That’s what stands against terror. Which is, again, why the Bush Administration and the Republican Congressional leadership has been so fatally wrong-headed. It is a repeated, insistent article of faith within the Administration that what the executive office needs is a complete liberation from limitations on its power, that the President can do whatever is needful in pursuit of his goals, that oversight is treason, that the public is to be protected but not trusted, that rights are not human but American (and possibly not even that). That the Constitution is to be used for trivial statutory goals like restricting flag-burning or abortion policy as opposed to fundamental dispensations of liberty. It’s not just that this is a strategic mistake at a global level, that trying to lead from the premise that only Americans (and Tony Blair) have the proper national consciousness about extremism obviously alienates even potential allies, as opposed to a defense of liberty on terms that could be shared and applied in variant forms across the world. It’s an error at the deepest possible level of world-historical reasoning, a misunderstanding not just of the way forward but of the reason why we should be involved in a struggle in the first place.
Fixing that mistake is going to take more than closing Gitmo (which in this Administration probably just means a greater reliance on renditions and prison camps further away from public view). It’s going to take a completely different leadership at every level.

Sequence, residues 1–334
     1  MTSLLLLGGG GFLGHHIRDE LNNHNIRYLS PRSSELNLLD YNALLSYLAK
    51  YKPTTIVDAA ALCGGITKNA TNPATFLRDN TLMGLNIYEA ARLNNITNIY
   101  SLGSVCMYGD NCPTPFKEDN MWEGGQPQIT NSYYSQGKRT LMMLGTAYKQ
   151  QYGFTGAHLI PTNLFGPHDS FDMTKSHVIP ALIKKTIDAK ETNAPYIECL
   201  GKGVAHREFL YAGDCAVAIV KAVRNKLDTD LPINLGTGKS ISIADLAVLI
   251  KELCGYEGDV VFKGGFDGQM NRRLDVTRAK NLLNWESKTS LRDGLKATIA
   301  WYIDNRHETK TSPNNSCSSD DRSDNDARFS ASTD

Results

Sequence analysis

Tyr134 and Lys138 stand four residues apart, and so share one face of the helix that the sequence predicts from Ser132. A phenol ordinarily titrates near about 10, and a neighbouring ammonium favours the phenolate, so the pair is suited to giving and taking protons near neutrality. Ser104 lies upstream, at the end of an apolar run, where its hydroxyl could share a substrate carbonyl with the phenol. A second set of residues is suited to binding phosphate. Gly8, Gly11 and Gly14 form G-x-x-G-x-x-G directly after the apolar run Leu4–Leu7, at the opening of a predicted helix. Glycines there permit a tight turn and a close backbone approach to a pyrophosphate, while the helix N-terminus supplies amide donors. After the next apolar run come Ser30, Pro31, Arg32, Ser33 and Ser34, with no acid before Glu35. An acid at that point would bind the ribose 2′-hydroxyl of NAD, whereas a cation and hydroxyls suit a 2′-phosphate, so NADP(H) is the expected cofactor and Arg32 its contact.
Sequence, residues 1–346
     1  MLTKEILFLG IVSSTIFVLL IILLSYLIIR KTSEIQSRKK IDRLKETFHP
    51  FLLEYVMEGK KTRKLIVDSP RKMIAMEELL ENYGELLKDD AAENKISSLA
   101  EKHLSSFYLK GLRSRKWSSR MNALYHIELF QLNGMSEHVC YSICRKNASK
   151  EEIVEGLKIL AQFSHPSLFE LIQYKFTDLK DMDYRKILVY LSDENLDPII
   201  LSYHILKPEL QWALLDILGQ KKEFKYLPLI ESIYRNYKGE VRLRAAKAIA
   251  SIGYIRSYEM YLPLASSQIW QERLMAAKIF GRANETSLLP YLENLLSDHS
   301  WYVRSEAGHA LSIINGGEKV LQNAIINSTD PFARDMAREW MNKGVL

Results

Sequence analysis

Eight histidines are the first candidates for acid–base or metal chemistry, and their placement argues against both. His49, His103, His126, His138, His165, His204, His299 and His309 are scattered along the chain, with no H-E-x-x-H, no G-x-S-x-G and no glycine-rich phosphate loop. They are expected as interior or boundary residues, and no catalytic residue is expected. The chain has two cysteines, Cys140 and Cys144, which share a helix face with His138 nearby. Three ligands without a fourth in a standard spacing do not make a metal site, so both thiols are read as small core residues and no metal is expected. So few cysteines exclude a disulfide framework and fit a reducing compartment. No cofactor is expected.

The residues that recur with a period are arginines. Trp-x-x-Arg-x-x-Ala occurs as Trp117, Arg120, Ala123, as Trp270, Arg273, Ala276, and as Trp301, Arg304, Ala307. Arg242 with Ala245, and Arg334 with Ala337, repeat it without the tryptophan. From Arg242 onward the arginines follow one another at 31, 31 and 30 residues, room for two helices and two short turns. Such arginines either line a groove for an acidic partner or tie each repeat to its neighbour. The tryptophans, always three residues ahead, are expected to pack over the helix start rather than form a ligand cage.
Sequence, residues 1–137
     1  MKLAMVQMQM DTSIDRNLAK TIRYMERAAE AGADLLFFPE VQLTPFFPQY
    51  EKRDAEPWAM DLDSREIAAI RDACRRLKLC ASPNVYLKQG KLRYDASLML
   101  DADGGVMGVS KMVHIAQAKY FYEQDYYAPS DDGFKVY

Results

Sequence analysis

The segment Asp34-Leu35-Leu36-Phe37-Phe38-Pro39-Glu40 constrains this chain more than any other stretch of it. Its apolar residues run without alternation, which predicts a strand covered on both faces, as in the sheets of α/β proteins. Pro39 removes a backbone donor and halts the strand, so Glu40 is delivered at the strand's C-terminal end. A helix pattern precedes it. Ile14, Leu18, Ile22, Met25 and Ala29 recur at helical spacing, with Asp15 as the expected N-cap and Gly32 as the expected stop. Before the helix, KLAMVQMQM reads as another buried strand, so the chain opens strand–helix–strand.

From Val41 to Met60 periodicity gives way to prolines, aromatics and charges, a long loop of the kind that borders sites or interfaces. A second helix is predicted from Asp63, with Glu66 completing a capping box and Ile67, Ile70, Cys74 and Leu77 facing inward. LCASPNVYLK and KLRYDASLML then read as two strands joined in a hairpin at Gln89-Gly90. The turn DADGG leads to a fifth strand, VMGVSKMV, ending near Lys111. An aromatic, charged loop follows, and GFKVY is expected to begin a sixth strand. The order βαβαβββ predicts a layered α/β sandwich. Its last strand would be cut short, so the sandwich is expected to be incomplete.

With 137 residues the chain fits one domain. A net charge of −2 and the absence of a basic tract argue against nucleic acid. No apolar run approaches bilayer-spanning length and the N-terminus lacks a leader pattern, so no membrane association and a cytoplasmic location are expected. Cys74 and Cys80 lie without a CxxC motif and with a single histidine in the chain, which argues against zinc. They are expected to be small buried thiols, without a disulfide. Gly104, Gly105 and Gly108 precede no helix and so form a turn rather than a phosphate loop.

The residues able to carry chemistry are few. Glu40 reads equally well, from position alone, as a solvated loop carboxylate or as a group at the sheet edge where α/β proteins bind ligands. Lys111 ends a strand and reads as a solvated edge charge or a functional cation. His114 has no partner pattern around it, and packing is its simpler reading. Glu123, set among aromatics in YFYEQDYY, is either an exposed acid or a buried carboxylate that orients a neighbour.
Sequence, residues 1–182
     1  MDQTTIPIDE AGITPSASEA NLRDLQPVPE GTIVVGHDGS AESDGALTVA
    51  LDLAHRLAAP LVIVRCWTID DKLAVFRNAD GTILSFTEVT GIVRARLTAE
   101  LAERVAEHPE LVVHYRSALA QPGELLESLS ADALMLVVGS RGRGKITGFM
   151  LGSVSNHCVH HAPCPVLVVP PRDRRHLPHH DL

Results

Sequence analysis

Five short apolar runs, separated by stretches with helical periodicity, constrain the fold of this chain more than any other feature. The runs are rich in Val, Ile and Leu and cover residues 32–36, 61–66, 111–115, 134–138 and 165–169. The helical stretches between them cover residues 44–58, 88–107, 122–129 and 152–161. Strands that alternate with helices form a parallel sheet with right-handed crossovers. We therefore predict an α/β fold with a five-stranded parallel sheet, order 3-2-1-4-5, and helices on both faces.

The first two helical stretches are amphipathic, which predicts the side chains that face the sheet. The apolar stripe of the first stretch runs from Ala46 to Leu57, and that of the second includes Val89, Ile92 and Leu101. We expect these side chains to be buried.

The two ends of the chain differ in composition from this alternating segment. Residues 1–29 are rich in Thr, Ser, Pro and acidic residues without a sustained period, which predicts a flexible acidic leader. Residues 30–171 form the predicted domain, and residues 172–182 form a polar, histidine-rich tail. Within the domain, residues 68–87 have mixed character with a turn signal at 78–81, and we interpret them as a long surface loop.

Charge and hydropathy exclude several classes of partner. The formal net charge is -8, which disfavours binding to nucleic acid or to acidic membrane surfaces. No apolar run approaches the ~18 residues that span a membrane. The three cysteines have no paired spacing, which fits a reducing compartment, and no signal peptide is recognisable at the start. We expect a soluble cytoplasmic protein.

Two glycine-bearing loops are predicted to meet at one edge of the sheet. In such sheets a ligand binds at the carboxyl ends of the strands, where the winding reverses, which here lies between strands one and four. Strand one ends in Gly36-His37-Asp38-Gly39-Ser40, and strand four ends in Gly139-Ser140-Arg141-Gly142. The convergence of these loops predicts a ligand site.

Lots of people have beaten up on the Euston Manifesto, and rightfully so. Not the least because the people who wrote it should be, by dint of their declared convictions, the first people to understand what’s gone wrong at the level of global politics in the last six years, and yet, they seem pitifully obsessed with phantoms, with the past rather than the future. It’s as if they’re trapped forever in a “New Times” meeting in the early 1990s in England or waking up with a hangover somewhere around 1977, wondering where the smartly dressed SDS of 1965 became the Weather Underground. I’ve been there, sort of, and yes, I can surely get on the bandwagon of complaints about the identarian, Third-World-romanticist, crypto-revolutionist left depending on the provocation and circumstance. But if you’re writing a manifesto, for god’s sake, a platform defining your foundational commitments, you’ve got to do better than trying to poke fingers in your favored eyes. You’ve got to set out some ironclad principles and then see, with an absolutely open mind and a consistent view, where those principles require you to be. The Eustonites wanted to craft a document that has all the hideousness and political calculation of an American party platform, a document that guarantees in advance that all its signatories can just return back to warblogging, flogging Angela Davis, to grinding the same old axes. It says it’s “fresh” when it’s as pungent as a five-day old tuna rotting on the fishmonger’s ice. A fresh document would set out foundational principles at some level deeper than saying, “We are against terrorism”, at some level other than a laundry list of pet causes, and would obligate its signatories to take stock of where and to whom their political and social fidelity lies.